Mother Nature is equally capable of awe-inspiring beauty as she is breath-taking terror – oftentimes, at the same moment.
2016 saw no shortage of terrifying, awe-inspiring natural disasters: be it the devastating wildfire in Fort McMurray, the earthquakes in Italy, Ecuador, and New Zealand, or the floods that effected much of the U.S. east coast.
But not all natural phenomena need be disasters, but simply some sort of scientific curiosity; the flow of lava hitting the ocean, the timelapse of a snowstorm at a Hawaiian observatory, the opening of a massive sinkhole, or simply the effect of an icy hill on several Montreal cars.
These are the most compelling natural phenomena of 2016 caught on camera.
Residents flee the devastation of the Fort McMurray wildfire
Thousands of people were forced from their homes in May in what ended up becoming the largest wildfire evacuation in Alberta history.
And while there was no shortage of compelling video to choose here – including Reid Fiest’s live report as the fire encroached on the city, which was recently named by YouTube as one of the top trending videos of 2016 – we chose something more personal.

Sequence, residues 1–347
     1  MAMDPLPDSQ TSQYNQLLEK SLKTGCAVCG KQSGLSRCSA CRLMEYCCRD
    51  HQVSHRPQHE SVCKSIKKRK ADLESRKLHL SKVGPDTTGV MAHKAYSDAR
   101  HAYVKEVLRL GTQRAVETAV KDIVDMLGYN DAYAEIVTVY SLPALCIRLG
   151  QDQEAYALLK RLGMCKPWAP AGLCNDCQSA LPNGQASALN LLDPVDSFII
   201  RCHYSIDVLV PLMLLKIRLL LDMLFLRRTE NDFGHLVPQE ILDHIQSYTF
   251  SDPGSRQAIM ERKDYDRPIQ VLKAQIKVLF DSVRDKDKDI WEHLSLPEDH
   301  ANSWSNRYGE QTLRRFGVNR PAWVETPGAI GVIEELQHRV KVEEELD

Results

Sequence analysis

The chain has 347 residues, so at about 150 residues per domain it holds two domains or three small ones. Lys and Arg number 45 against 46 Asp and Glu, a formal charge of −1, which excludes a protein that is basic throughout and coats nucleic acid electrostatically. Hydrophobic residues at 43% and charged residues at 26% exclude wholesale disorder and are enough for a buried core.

The video posted above shows one family’s desperate flight from the city on May 4, capturing both the massive scale of the fire and how close so many residents came to the blaze which would come to be known as “The Beast.”
The fire spread across approximately 590,000 hectares before firefighters finally brought it under control.
Multiple tornadoes devastate Southwestern Ontario
An EF1-category tornado hit the bedroom community of LaSalle on August 24, with wind speeds between 135 and 175 kilometres per hour.
A second twister, this one an EF2-category with winds between 200 and 220 kilometres per hour, struck Windsor shortly afterward.
Environment Canada confirmed that no warning was issued to the public as there was no indication that a tornado was imminent.
Witnesses said the winds blew the roofs off homes and uprooted multiple trees.
Lava from Hawaii volcano cascades into sea in vivid display
For the first time in three years, lava from a volcano on Hawaii’s Big Island crept down miles of mountainside and into the Pacific Ocean, where it created a stunning show for visitors this past August.
The 2,000-degree molten rock is from Kilauea, one of the world’s most active volcanoes. Its Puu Oo vent began erupting in the 1980s and periodically pushes enough lava seaward that people can access it.
On Aug. 9, a second branch of lava started to spill into the ocean, giving tourists a look at two lava flows about 200 yards apart.